A World Series Most Valuable Player has been named each year since 1955, except of course in 1994, when no World Series was held. The World Series MVP originated as an invention of the old Sport magazine (which had developed the entire genre of mass market general sports magazines several years before Time, Inc. began producing Sports Illustrated). The League Championship Series in each league began in 1969, but there were no formal MVPs named for this new round of post-season play until 1977 for the NL and until 1980 for the AL. And there remains today no formal MVP process for earlier rounds of MLB’s post-season.
It may be that the Major League Baseball post-season has now grown so substantial that it is appropriate to treat the post-season as a whole entity deserving its own over-arching Most Valuable Player process. In 2013, for example, there were 38 post-season games, which makes 76 team games, almost half a regular season for an individual team.
There is no Wins Above Replacement for the post-season; the nature of post-season play isn’t really amenable to the kind of calculations that go into WAR. But we do have Win Probability Added (WPA) numbers for the post-season. Indeed, because we have play-by-play records for every post-season game from the first World Series in 1903 and onwards, we can look at WPA numbers for any and all post-season games back to the earliest post-season games.
Just to give a flavor for how WPA can be applied to help inform the identification of MVP-type candidates for post-season play, I’ll list below in this post some recent post-season WPA leaders. If you need an introduction to Win Probability Added, you can check out glossaries at Fangraphs or Baseball-Reference; but the basic concept is relatively simple. WPA looks at every plate appearance during a game and determines the probability that, as that plate appearance begins, the hitter’s team will win the game, based on the inning, the score, the outs and the men on base. Then WPA determines whether the outcome of that plate appearance increased or decreased the probability of the hitter’s team winning, and by how much. The amount of such change in probability, positive or negative, is assigned to the hitter, and the reverse amount to the pitcher. The change in probability amounts for each hitter’s, and each pitcher’s, plate appearances for the game are added up (netting the positive and negative plate appearance results) and the resulting number is that hitter’s or pitcher’s Win Probability Added for that game. WPA game numbers can then be added for a series, season, career, and so on.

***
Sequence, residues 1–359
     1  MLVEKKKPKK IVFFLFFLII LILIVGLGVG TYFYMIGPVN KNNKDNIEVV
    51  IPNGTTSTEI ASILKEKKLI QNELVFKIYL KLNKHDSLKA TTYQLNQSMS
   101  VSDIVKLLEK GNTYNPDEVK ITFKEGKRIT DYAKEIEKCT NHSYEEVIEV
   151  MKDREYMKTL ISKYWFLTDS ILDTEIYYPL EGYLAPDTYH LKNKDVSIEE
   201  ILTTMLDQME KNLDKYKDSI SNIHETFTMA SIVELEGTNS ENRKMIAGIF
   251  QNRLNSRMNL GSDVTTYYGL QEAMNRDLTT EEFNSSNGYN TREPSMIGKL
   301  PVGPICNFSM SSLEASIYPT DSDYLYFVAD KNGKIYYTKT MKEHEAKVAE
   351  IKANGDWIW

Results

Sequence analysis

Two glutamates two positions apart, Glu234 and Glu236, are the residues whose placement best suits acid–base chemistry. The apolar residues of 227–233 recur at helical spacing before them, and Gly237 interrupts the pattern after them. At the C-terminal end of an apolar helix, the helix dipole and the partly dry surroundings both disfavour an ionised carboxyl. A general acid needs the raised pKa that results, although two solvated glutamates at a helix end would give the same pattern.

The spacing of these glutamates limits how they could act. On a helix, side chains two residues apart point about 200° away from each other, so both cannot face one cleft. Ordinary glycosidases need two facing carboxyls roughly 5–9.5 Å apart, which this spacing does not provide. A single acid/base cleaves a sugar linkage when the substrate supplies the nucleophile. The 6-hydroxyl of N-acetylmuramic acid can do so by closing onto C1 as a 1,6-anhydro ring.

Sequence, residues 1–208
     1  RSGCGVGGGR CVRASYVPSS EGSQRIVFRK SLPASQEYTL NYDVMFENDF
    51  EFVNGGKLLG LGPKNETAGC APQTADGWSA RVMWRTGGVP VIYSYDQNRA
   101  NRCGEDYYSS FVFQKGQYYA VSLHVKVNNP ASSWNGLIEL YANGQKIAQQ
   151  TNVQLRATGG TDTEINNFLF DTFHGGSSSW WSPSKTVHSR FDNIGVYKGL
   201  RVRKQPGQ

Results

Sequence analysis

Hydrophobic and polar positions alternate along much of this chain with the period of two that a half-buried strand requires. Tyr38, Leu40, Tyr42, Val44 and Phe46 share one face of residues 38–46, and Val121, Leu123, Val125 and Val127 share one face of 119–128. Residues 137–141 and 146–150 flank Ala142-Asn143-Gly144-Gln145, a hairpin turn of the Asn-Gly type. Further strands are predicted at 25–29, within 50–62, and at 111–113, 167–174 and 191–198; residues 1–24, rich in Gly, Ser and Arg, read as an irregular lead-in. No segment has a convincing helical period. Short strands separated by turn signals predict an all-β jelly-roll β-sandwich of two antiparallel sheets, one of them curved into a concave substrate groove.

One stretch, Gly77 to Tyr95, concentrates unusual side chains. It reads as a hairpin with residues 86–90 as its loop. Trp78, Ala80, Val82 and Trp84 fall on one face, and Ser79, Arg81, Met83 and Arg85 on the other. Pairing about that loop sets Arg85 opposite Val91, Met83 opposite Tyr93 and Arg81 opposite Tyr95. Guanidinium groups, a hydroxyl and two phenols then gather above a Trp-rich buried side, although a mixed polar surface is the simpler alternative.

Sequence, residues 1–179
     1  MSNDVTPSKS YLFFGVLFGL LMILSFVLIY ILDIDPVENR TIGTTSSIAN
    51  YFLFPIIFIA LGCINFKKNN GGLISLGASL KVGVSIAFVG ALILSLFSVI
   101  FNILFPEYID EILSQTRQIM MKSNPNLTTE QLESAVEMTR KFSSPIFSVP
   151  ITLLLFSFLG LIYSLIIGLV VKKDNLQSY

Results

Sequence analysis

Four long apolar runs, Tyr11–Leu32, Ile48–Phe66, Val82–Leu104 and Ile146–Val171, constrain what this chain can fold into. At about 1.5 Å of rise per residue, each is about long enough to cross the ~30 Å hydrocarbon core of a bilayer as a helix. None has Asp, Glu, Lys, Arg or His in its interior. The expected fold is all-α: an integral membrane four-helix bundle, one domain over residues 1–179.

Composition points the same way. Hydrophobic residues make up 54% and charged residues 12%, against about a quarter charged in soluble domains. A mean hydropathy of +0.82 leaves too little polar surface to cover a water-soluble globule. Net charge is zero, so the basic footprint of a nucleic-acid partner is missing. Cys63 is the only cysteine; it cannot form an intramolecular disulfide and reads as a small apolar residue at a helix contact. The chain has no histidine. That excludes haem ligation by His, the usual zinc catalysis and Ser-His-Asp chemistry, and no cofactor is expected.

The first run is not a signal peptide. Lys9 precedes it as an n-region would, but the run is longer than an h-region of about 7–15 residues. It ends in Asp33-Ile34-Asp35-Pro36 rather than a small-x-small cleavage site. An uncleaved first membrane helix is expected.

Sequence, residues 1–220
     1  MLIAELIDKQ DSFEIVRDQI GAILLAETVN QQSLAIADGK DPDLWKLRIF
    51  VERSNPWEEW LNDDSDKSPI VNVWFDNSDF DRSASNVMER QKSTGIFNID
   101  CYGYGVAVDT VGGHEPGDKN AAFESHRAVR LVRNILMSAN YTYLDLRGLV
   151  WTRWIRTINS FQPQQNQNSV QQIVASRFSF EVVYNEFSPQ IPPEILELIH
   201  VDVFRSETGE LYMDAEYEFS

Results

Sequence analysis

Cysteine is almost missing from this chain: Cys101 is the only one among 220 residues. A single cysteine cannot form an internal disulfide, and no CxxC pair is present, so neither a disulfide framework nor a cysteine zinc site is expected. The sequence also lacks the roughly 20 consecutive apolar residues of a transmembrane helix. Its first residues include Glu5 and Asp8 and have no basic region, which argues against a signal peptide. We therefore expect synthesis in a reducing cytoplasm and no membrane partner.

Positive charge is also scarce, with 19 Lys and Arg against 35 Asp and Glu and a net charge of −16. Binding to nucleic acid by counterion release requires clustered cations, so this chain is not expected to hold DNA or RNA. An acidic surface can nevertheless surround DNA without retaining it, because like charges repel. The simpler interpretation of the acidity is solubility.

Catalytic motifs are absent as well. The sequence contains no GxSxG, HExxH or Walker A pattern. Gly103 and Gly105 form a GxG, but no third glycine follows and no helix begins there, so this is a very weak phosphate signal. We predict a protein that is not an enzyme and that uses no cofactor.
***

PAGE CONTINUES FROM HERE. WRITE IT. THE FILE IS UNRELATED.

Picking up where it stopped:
Thinking about recent post-seasons, a few names jump out as leading their teams at critical moments. David Freese in 2011, Raul Ibanez in 2012, Madison Bumgarner in 2014, all seem to jump out as high-value performers of their respective post-seasons. Does Win Probability Added reflect these recollections? Let’s see. Highest WPA totals for the postseason periods in each of the last six years:
Brian Wilson 1.3
Tim Lincecum 1.2
Matt Cain and Cody Ross 1.0
David Freese 1.9
Lance Berkman 1.3
Mike Napoli 1.0
Chris Carpenter 0.9
Raul Ibanez 1.2
Darren O’Day 1.1
Justin Verlander and Marco Scutaro 0.9
Carlos Beltran 1.5
David Ortiz 1.2
Justin Verlander 1.1
Madison Bumgarner 1.7
Eric Hosmer 1.4
Wade Davis 1.1
Alex Gordon, Greg Holland and Yusmeiro Petit 0.9
Wade Davis 1.0
Jose Bautista 0.9
Eric Hosmer and Curtis Grandson 0.8
David Freese’s 2011 World Series Game 6, in which he tripled with two outs to tie the game in the bottom of the ninth inning, to keep the Cardinals alive in the series, and then hit a walk-off homer in the bottom of the 11th to send the series to a seventh game, is the highest single WPA game by a hitter in MLB post-season history. The second-highest is Kirk Gibson’s walk-off pinch-hit homer game in Game 1 of the 1988 World Series, even if Gibson gets no extra WPA credit for hobbling around the bases in that famous home run trot. The highest post-season WPA of all, higher even than Freese’s Game 6, was the epic pitching performance by the precocious 21-year old Boston Red Sox pitcher Babe Ruth, who threw a 14-inning complete game in Game 2 of the 1916 World Series, allowing Boston to defeat Brooklyn 2-1. Although Ruth hit like a typical pitcher that day, going 0 for 5 with two strikeouts and a batter WPA of -.191. Just wasn’t fated to be a big contributor with the bat in the majors, I guess.
At the moment of publication of this post, just before Game 3 of the World Series begins, the leaders in WPA for the 2016 post-season so far have been the Cubs’ starter Jon Lester and the Cleveland relievers Cody Allen and Andrew Miller, all at at WPA of 1.0, and Indians starter Corey Kluber just behind at 0.9. Who ends up as the 2016 WPA post-season MVP remains very much up in the air at the moment. Now I’ll settle in to watch Game 3.